Monday, January 14, 2013

Do You Share?

According to Bill Bright, only 2% of Christians share their faith. One of the reasons for this is that they don't feel equipped.

Most people are afraid to share their faith anyway, with a few obnoxious atheists mocking Christianity as "un-scientific" and "crutch for weak minded people". I find it quite the opposite, with the theory of evolution being un-scientific (life coming from non-life and violations of various scientific laws) and more of a crutch for those who want to think that they will not be held accountable for their actions. But that doesn't even matter and is an entirely separate topic for anyone interested in such things.

We don't even need to go there. Instead, we can go directly to the conscience, (con means ;with', and science is 'knowledge'), and when someone sins against God, they do it 'with knowledge'. The conscience itself is an ally in witnessing.

There is a simple Biblical principle that has been largely forgotten in the modern Church in the last couple of hundred years. Rather than a man-made "sinners prayer" or some sort of "altar call", made famous by Charles Finney in the 1800's, we should go back to the Bible, the authority of God's Word and witness the way that our Lord and Savior, Jesus Christ did it.

Check out His example in speaking with the woman at the well (John 4:4-29). First, He spoke to her about natural things, getting a drink of water in this instance. Then he moved to the spiritual realm, telling her of the living water. Being convicted of her sins, she went back into town to tell others about Him.

When the rich young ruler came up and called Him good, he was right. But Jesus reproved the man, for he did not understand what 'good' truly meant. Only God is good. And when Jesus went through some of the Ten Commandments, the young ruler claimed that he had kept them (1 John 1:8). Then He asked the man to give up his riches and put God first in his life (the First Commandment) and the young ruler walked away. Jesus did not run after him, telling him of a wonderful plan for his life and how God loved him so much, He let him go (Luke 18:18-27).

The Bible tells us that the proclamation of the Gospel is always Law to the proud, Grace to the humble (Prov 3:34, 1 Pet 5:5, James 4:6), and Jesus did not deviate from this. I would challenge you to show me a passage where He did not follow it, keeping in mind that when He didn't go through the Law first, it was because the person was already humbled and knew of his need.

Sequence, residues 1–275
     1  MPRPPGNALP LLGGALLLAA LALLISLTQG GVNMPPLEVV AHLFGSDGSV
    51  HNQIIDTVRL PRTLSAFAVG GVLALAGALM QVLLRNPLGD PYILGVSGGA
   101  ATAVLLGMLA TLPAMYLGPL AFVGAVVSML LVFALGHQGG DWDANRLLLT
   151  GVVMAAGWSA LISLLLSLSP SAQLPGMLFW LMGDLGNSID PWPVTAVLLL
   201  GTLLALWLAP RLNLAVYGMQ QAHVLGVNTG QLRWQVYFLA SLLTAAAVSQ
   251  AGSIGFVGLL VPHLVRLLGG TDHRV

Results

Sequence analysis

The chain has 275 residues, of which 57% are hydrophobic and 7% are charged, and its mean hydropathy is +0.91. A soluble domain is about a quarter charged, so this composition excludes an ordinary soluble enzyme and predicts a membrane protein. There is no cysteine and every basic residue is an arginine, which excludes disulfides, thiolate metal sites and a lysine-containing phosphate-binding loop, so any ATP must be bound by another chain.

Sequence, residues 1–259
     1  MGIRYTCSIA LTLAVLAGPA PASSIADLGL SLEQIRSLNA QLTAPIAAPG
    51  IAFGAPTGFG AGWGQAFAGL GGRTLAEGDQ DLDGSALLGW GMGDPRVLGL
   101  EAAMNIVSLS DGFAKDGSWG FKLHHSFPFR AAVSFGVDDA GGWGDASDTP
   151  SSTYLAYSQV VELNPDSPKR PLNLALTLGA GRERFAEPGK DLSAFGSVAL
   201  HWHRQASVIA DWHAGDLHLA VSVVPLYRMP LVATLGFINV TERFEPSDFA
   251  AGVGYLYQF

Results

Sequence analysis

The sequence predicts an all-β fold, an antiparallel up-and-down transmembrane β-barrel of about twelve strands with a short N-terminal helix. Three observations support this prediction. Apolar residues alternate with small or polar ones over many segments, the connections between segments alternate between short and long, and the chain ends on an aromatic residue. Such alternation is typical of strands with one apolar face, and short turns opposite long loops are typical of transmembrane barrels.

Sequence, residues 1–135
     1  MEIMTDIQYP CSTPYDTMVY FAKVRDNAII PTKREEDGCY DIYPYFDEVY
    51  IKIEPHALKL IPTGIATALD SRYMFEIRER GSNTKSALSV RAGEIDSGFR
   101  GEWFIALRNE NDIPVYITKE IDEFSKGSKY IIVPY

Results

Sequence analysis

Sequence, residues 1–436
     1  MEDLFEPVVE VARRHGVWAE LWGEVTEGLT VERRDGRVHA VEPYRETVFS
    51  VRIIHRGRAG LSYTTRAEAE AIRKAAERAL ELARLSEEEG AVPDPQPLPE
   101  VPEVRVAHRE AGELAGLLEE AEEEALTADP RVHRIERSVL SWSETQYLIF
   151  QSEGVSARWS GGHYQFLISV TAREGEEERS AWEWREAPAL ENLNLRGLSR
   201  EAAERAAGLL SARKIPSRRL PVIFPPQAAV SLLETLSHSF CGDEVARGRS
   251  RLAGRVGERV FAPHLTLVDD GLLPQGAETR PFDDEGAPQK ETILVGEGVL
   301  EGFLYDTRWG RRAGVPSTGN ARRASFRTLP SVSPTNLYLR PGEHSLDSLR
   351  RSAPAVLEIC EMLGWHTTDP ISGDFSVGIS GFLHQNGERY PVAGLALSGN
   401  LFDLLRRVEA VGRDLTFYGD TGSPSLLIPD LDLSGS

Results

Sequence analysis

How would we know if someone is humble, knowing their need? It's simple, just ask them. "Would you consider yourself to be a good person?" Prov 20:6 tells you what they will say, "Most men, everyone will proclaim his own goodness...." yet the Bible tells us over and over again that there are none found good, not one (Psalm 53:3, Rom 3:23, Is 64:6).

Ask someone how they think one gets into heaven and you'll find the most common answer is by "being good." If that is true, then we earn our way into heaven, there was no need for Jesus Christ to die on the cross and the Gospel makes no sense. This would leave us with nothing but blind faith and no understanding. We wonder why "prosperity preaching" is so popular, and universalism is gaining ground in the modern churches, and terms like "carnal Christianity" abound. And then we wonder why atheists mock it.

What the Bible actually teaches is that there are none found good when we're held to God's moral standard, that every one of us deserves to spend eternity in hell for breaking His commandments, but that He actually created a plan of redemption for us. The fine had to be paid, and God came down in Jesus Christ, lived a perfect, sinless life, then laid down that life as a sacrifice to pay the penalty that we deserve, for the wages of sin is death. But death couldn't hold Him, and on the third day, He rose again, defeating death forever.

Now, all that we must do is put our faith and trust in Him, and when we do that, we will also repent of our sins, turning away from them, hating those sins that we once loved because we can see what it cost, and that God so graciously and lovingly paid that fine for us. We couldn't possibly continue to willfully live in a lifestyle of sin if we even begin to comprehend that (Heb 10:26-29).

If we will simply repent and trust in Him alone, we will be saved apart from works, yet we will do good works out of gratitude for the new life we have been given, released from condemnation and slavery to our own sinful nature.

To God be the glory, proclaim His name!

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